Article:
Positive vs Negative GI Contrast Agents

The question of which type of contrast enhancement of the bowel is the best, positive or negative, is sill debated. We may find a positive or negative oral contrast agent better depending on the specific organ or disease suspected and the pulse sequence used.
Two disadvantages of positive oral contrast agents are ghosting artifacts because of respiratory and peristaltic motion, and loss of signal from dilution with secretions and retained fluid in the bowel. One method of reducing ghosting artifacts is to use a pharmaceutical, such as glucagon or scopolamine, to reduce bowel motion. This increases the invasiveness of the procedure. Other methods include the use of breath holding pulse sequences and first order flow compensation. Further refinements of pulse techniques probably will make breath holding sequences more popular for abdominal MRI. This will decrease artifacts from both peristalsis and breathing.
Dilution of positive contrast agents occurs in the upper GI tract if they are miscible with water because of gastrointestinal secretions. This allows for the use of a small dose, but will cause loss of signal intensity as the concentration decreases. Immiscible positive agents using oils, especially nonabsorbable ones, will not experience the loss of signal with dilution. They will probably require a larger volume to replace any residual bowel contents.
Another disadvantage of a positive oral contrast agent is the possibility of residual material in the bowel simulating a mass when surrounded by bright signal. The opposite is also true. A bright mass (such as a lipoma) might be obscured by the contrast agent.
An advantage of positive oral contrast agents is the availability of several of these materials at this time. These include ferric ammonium citrate, pediatric formula, and homemade oil emulsions. Positive agents are also inexpensive (except for gadolinium solutions) and are safe to use.
Disadvantages of negative oral contrast materials include their high cost and lack of general availability (except for CO2 and barium), and limited evaluations of safety on large number of patients. The expense may decrease with greater use of these contrast materials and with competition between manufacturers.Metallic artifacts are seen when iron oxide concentrations, ideal for spin echo sequences, are used with gradient echo sequences. This is because gradient echo sequences have greater sensitivity to magnetic field inhomogeneity. Also there were some metallic artifacts seen in the colon on delayed (24 hour) imaging with the iron oxide preparations that probably can be eliminated as discussed above.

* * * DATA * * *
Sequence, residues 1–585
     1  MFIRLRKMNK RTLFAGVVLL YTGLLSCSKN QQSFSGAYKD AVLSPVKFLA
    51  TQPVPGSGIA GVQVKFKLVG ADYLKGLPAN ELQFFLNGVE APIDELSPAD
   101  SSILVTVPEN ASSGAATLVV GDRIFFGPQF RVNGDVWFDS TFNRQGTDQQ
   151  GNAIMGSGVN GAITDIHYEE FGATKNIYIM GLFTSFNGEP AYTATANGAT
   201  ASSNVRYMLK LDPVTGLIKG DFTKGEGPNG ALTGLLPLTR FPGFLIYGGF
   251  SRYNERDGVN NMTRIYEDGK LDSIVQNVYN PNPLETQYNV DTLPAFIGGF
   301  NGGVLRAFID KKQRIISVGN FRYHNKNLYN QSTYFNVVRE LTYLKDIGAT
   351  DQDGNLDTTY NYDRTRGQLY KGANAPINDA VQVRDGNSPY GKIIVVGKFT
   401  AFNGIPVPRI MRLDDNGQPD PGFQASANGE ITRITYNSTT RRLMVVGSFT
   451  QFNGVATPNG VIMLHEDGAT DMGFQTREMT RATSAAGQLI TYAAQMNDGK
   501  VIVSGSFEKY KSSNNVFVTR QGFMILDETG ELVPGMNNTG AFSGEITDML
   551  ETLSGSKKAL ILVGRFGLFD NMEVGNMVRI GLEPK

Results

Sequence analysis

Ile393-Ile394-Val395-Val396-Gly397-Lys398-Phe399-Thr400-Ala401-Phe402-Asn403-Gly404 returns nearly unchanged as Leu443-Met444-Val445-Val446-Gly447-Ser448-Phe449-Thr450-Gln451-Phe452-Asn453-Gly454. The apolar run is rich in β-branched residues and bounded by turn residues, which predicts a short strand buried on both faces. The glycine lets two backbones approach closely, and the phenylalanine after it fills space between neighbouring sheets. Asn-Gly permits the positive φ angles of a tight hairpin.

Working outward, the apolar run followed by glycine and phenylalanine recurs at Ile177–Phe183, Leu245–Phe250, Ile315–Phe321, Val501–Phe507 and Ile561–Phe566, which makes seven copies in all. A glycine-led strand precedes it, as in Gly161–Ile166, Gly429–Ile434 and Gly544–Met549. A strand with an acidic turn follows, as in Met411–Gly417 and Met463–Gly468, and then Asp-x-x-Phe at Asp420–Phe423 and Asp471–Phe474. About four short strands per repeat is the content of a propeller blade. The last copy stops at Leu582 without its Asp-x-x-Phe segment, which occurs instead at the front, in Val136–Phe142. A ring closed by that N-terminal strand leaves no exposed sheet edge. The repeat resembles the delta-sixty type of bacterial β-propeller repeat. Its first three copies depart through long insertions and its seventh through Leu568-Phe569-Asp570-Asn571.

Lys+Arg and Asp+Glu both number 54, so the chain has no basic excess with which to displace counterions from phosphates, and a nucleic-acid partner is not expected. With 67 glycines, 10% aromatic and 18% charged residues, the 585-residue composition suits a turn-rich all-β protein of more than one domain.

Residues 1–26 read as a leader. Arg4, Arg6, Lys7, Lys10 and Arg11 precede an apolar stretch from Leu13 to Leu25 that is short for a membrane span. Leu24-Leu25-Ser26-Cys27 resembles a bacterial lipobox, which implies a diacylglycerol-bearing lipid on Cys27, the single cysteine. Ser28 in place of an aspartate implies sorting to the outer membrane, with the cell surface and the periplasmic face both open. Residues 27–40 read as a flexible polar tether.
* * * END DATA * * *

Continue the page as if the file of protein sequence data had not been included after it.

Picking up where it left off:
Lack of a fat plane between the negative contrast filled bowel and low signal intensity organs may make it difficult to distinguish normal contours. An example of this is the plane between the stomach and the pancreas on T2-weighted sequences. The majority of pathology appears bright on T2-weighted sequences and should be seen, however.
Advantages of negative oral contrast materials are several. The lack of signal in the bowel removes a source of ghosting artifacts from spin echo sequences that may be present with positive agents. The loss of signal is fairly independent of concentration of superparamagnetic iron oxide suspensions on spin echo sequences so that dilution should not be a problem. The perfluorochemicals are immiscible with water and will not encounter dilution problems either.


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Last modified March 5, 1996